A JavaScript demo

I've implemented a simple online demo of plotting the Tupper formula - available at https://eliben.github.io/tupperformula/ (with source code on GitHub). It was used to produce the images shown above. The code is fairly straightforward, so I'll just focus on the interesting part.

The core of the code is a 2D grid that's plotted for x running from 0 to 105 and y from K to K+16 (both ranges inclusive). The grid is populated every time the number changes:

const GridWidth = 106;
const GridHeight = 17;
let K = BigInt(Knum.value);

for (let x = 0; x < GridWidth; x++) {
    for (let y = 0; y < GridHeight; y++) {
        Grid.setCell(x, y, tupperFormula(BigInt(x), K + BigInt(y)));
    }
}

Note the use of JavaScript's BigInt types here - very handy when dealing with such huge numbers. Here is tupperFormula:

function tupperFormula(x, y) {
    let d = (y / 17n) >> (17n * x + y % 17n);
    return d % 2n == 1n;
}

It looks quite different from the mathematical formula at the top of this post; why? Because - as mentioned before - while Tupper's original formula works on real numbers, our program only needs the discrete integer range of x in [0, 105] and y in [K, K+16]. When we deal with discrete numbers, the formula can be simplified greatly.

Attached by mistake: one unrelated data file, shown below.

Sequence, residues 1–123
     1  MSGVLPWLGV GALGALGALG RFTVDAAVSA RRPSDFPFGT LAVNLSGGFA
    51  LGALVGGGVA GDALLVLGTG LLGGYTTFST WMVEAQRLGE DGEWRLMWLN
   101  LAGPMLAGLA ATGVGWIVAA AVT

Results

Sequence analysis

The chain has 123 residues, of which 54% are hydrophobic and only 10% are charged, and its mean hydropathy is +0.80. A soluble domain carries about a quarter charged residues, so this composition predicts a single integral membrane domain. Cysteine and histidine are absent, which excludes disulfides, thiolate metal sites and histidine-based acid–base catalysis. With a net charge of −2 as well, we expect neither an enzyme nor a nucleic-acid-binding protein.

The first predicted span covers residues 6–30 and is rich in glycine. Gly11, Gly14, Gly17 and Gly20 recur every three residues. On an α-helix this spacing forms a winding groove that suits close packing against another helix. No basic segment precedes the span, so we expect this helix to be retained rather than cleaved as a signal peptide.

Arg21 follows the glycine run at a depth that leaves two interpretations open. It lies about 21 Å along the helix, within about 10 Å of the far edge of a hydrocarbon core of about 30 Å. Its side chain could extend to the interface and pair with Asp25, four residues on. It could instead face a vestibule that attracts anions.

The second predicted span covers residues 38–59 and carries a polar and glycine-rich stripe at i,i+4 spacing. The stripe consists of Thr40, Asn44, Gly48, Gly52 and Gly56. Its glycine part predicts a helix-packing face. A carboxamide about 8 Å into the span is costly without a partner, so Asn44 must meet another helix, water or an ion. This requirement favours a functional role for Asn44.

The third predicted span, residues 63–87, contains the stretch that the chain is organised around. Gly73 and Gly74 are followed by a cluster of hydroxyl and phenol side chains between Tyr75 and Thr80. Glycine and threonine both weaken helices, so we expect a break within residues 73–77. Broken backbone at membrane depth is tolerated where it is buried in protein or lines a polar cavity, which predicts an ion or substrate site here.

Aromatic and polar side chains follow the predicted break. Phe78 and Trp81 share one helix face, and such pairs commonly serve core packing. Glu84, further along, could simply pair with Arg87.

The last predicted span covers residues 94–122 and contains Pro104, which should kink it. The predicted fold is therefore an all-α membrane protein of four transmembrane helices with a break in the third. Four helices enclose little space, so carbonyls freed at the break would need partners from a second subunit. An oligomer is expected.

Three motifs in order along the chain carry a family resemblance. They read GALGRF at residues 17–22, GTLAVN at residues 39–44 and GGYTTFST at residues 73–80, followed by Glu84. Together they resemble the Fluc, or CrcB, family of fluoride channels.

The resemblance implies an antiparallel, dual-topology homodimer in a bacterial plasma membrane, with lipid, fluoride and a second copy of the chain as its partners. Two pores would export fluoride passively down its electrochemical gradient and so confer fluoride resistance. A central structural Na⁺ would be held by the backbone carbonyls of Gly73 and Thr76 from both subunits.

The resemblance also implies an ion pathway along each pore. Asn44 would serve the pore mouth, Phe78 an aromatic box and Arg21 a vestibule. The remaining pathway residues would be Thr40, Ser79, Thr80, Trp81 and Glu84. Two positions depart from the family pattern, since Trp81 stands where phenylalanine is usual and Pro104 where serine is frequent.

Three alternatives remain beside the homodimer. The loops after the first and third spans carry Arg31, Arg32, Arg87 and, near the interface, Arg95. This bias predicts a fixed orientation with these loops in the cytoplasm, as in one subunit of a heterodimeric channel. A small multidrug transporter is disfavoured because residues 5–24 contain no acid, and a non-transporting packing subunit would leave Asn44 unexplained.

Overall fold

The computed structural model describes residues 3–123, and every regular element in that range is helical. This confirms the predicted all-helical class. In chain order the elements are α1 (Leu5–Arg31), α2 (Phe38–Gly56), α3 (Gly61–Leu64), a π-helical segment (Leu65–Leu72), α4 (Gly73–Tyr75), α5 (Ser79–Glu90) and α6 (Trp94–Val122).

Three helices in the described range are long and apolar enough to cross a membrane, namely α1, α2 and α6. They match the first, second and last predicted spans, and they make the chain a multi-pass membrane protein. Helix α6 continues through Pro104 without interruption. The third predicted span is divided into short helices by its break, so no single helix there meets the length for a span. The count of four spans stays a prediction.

Let's start with the original formula and simplify it step by step:

\[\frac{1}{2}< \left \lfloor mod\left ( \left \lfloor \frac{y}{17}\right \rfloor 2^{-17\lfloor x \rfloor - mod(\lfloor y \rfloor), 17)}, 2 \right ) \right \rfloor\]

First of all, since x and y are natural numbers, the floor operations on them don't do anything, so we can drop them (including on the division by 17, if we just assume integer division that rounds down by default):

\[\frac{1}{2}< \left \lfloor mod\left ( \left ( \frac{y}{17}\right ) 2^{-17x - mod(y, 17)}, 2 \right ) \right \rfloor\]

Next, since the result of the mod(N,2) operation for a natural N is either 0 or 1, the comparison to half is just a fancy way of saying "equals 1"; we can replace the inequality by:

\[mod\left ( \left ( \frac{y}{17}\right ) 2^{-17x - mod(y, 17)}, 2 \right )=1\]

Note the negative power of 2; multiplying by it is the same as dividing by its positive counterpart. Another way to express division by 2^p for natural numbers is a bit shift right by p bits. So we get the code of the tupperFormula function shown above: